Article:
enhance soil health
Conservation tillage refers to using a cover crop and intentionally leaving plant residue from a prior crop in the field and not disturbing the soil. This modifies plant rooting structure and physiology to enable more efficient water use by crops and enhanced water holding capacity in the soil. Water infiltration rates and organic matter levels increase. Soil temperature, evaporative loss, and field runoff decrease.
The two main types of conservation tillage are no-till and strip-till. No-till methods plant crops directly into residue that has not been tilled. Strip-till methods plant crops into residue that has been tilled in narrow strips while leaving the rest of the field untilled. Crop residue shields soil from rain and wind, reducing soil erosion by as much as 60-90%. As the crop residue decomposes, the organic matter added to the soil reduces runoff, decreases moisture lost to evaporation, and improves soil quality.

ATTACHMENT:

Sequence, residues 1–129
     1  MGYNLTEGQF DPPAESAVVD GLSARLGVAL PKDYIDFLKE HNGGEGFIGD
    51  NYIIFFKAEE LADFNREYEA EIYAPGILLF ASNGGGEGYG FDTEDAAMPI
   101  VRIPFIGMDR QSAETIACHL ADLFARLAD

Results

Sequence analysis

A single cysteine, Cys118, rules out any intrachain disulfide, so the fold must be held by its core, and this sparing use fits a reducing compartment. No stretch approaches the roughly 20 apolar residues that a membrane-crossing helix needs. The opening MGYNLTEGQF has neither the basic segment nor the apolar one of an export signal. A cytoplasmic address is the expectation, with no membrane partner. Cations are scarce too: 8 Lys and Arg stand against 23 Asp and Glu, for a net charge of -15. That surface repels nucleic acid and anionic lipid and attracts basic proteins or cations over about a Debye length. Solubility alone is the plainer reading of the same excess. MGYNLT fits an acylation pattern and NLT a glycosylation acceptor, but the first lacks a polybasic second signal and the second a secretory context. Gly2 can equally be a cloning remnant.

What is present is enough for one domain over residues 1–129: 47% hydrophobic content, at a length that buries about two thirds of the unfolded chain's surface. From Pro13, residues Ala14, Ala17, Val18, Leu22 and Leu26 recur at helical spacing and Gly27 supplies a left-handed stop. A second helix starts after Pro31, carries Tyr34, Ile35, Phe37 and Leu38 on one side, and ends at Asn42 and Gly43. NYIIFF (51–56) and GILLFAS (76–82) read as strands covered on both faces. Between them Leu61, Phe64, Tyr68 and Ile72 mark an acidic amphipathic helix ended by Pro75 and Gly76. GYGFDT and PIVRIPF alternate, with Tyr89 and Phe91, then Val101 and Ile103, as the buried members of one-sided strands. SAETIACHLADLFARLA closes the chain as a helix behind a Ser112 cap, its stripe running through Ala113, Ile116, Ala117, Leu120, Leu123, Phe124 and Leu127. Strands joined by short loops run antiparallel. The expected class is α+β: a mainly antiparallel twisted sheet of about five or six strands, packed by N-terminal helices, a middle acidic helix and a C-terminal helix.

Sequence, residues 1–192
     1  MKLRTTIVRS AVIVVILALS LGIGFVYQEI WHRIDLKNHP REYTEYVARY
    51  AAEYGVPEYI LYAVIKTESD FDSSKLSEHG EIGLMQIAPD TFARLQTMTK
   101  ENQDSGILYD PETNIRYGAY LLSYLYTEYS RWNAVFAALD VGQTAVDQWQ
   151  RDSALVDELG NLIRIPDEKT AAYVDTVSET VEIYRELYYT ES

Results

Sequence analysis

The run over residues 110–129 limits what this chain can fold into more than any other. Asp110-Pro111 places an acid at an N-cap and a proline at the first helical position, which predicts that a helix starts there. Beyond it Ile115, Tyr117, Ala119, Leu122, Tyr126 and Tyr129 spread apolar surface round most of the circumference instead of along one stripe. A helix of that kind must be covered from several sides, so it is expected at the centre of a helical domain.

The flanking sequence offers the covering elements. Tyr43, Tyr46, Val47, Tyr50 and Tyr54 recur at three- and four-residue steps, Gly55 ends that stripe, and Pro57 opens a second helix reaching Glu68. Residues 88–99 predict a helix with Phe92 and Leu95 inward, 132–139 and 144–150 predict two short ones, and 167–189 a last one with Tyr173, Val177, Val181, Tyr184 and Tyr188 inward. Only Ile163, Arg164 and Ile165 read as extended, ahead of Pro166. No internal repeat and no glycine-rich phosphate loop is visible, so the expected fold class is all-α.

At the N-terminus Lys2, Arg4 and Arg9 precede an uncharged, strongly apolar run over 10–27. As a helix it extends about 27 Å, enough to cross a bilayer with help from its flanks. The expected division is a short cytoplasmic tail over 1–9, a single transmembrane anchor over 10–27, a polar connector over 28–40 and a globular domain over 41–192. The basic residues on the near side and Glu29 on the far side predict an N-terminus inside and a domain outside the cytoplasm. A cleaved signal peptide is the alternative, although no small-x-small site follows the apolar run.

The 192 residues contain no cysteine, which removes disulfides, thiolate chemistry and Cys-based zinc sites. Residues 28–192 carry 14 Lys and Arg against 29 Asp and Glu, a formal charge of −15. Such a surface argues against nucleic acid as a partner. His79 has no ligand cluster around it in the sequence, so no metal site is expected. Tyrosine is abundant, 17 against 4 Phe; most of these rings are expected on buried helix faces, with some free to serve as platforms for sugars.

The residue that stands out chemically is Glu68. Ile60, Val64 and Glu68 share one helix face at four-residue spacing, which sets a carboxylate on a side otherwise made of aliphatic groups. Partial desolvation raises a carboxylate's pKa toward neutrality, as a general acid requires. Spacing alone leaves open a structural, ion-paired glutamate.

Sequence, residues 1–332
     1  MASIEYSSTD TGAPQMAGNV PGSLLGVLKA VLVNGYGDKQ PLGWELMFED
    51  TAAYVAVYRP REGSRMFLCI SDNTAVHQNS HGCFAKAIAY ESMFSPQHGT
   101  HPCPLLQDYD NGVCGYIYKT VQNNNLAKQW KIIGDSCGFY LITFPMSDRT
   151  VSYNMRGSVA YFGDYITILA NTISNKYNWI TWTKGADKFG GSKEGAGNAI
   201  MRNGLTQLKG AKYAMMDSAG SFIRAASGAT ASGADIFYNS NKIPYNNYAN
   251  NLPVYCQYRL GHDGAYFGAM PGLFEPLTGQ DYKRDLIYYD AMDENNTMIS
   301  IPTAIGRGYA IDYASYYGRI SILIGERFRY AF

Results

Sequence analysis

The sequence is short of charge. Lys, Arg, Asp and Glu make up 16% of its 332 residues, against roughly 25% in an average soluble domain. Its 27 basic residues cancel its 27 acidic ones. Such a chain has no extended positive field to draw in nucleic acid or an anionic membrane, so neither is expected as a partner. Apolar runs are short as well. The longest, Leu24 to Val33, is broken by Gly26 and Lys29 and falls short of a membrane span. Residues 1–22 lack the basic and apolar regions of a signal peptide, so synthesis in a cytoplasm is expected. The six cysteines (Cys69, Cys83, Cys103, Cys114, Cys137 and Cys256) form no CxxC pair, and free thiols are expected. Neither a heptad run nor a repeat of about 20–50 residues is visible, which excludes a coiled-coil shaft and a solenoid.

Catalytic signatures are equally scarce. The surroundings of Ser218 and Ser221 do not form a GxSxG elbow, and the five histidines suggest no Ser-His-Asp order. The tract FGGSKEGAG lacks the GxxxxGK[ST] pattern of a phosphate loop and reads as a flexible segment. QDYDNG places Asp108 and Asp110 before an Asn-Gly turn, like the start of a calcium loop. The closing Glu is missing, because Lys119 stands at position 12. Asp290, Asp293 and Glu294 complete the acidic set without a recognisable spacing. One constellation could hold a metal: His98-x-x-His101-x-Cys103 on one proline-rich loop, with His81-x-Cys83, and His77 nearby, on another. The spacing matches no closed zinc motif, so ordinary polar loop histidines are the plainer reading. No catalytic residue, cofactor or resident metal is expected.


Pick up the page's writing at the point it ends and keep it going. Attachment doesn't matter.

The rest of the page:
In some cases, conservation tillage optimizes soil moisture allowing for enhanced crop growth in dry periods. This enhanced infiltration, soil water retention capacity, and the subsequent benefits result in water conservation.
Photographs courtesy of Casey Cox